"Not only thoughts, but sensory experiences, could be communicated from brain to brain."
We might soon be able to communicate telepathically, thanks to brain-computer interfaces.
At least, that's the gist of a new report about neural implant technology by the Royal Society, a UK scientific organization, that was reviewed by The Independent. The document hypes some of the more exciting things brain-computer interfaces could make possible, but also warns that hooking brains up to computers could also compromise individual privacy.
"Not only thoughts, but sensory experiences, could be communicated from brain to brain," the report reads. "Someone on holiday could beam a 'neural postcard' of what they are seeing, hearing or tasting into the mind of a friend back home."
To make sure that these neural implants of the future are used to benefit people and society, the Royal Society is calling for a government probe into the tech, The Independent reports. Otherwise, private companies like Facebook that are already working on their own systems will be able to dictate how the tech is used on their own terms.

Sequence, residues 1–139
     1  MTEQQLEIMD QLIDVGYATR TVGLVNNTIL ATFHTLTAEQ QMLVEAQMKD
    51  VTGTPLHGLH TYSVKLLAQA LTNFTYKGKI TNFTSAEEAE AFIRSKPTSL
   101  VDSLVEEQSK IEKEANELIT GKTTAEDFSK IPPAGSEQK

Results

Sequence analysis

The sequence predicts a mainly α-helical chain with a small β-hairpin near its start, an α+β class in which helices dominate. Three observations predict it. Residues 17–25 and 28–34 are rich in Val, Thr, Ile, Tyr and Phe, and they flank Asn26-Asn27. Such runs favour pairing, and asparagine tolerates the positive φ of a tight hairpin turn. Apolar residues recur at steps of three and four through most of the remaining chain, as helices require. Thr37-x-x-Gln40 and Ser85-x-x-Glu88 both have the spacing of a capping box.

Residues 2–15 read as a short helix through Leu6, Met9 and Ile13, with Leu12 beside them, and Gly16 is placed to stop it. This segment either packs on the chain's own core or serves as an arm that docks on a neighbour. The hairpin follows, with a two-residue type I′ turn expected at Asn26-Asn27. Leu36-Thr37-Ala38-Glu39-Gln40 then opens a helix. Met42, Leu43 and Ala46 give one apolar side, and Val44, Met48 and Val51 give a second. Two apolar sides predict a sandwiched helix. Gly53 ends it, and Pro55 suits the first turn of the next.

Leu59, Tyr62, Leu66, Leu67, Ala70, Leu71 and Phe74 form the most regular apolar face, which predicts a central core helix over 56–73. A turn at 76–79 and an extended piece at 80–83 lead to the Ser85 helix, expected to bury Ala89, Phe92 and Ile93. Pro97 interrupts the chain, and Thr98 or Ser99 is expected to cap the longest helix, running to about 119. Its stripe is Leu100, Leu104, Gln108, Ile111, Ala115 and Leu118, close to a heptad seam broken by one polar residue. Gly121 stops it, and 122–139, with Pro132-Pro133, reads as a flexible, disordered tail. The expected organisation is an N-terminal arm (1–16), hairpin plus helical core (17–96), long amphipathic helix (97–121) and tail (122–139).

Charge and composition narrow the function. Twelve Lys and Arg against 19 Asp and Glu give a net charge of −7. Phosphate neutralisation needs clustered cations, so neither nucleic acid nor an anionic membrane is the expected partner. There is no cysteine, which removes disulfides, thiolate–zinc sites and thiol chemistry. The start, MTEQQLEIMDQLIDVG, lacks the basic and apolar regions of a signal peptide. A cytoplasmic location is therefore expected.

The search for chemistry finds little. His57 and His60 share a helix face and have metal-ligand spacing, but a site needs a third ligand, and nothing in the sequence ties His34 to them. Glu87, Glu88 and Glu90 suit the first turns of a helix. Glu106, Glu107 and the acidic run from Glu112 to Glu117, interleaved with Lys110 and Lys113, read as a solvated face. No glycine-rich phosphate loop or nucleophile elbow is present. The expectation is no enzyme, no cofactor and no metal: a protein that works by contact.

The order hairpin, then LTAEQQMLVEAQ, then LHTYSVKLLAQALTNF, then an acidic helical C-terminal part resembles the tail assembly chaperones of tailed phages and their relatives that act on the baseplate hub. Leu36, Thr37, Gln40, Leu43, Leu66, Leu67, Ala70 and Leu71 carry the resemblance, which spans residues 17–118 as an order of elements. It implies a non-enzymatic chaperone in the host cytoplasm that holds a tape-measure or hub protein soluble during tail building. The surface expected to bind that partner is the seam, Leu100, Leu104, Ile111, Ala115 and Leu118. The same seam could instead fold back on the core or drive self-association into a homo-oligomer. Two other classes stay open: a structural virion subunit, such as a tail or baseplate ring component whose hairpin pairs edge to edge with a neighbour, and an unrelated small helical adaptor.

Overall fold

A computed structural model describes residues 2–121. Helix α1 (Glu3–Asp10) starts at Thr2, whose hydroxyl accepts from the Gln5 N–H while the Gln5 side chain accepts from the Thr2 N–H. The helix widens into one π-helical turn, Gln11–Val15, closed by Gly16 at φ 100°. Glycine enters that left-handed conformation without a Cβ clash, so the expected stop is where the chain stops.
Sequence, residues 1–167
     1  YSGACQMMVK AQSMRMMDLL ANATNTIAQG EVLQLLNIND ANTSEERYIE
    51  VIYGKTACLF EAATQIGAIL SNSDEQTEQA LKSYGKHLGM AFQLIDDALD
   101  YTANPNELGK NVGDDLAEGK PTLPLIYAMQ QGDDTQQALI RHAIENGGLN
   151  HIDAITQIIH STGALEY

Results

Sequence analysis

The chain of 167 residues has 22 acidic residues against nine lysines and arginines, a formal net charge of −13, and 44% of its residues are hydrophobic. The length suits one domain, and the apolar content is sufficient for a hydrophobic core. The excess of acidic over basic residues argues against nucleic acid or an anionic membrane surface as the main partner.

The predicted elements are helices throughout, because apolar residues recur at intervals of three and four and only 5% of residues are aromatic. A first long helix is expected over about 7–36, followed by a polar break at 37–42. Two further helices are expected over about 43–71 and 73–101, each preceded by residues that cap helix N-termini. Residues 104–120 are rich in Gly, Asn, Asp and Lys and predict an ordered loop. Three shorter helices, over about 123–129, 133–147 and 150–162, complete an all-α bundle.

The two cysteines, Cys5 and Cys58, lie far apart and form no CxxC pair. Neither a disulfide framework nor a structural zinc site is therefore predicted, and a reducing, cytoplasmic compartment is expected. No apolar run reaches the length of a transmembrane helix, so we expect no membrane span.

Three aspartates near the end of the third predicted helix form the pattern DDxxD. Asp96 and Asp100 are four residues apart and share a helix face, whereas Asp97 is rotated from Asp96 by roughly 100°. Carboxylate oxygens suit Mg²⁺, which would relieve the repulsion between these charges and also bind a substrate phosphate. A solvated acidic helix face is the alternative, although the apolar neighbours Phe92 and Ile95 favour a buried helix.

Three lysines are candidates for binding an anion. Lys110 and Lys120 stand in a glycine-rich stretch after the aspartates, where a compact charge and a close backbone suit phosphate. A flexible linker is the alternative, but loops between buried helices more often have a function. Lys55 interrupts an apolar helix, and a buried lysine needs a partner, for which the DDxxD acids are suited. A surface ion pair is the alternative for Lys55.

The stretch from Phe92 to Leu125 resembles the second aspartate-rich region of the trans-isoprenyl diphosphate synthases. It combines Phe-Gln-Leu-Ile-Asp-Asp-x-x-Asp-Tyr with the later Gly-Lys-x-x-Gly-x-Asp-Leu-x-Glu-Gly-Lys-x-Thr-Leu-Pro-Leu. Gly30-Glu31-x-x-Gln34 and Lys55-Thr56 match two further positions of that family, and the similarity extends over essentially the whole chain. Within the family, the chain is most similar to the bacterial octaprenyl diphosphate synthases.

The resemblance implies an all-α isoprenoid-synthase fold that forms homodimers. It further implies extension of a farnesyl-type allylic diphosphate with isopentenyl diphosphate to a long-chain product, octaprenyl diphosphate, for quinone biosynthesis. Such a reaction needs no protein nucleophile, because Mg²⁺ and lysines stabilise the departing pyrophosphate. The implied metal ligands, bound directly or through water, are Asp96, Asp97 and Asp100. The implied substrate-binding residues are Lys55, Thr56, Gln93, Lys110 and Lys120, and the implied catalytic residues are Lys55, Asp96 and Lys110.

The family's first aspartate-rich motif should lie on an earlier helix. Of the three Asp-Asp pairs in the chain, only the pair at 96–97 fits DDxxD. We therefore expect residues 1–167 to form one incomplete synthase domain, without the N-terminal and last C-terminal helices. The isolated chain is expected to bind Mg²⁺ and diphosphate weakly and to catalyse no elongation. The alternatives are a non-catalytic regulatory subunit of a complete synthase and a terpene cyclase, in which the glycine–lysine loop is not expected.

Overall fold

"They could bring huge economic benefits to the UK and transform sectors like the NHS, public health and social care," Imperial College London engineer and report co-chair Christofer Toumazou told The Independent. "But if developments are dictated by a handful of companies then less commercial applications could be side-lined. That is why we are calling on the government to launch a national investigation"
READ MORE: Brain-Computer Interface Will Make People Telepathic, Scientists Say [The Independent]
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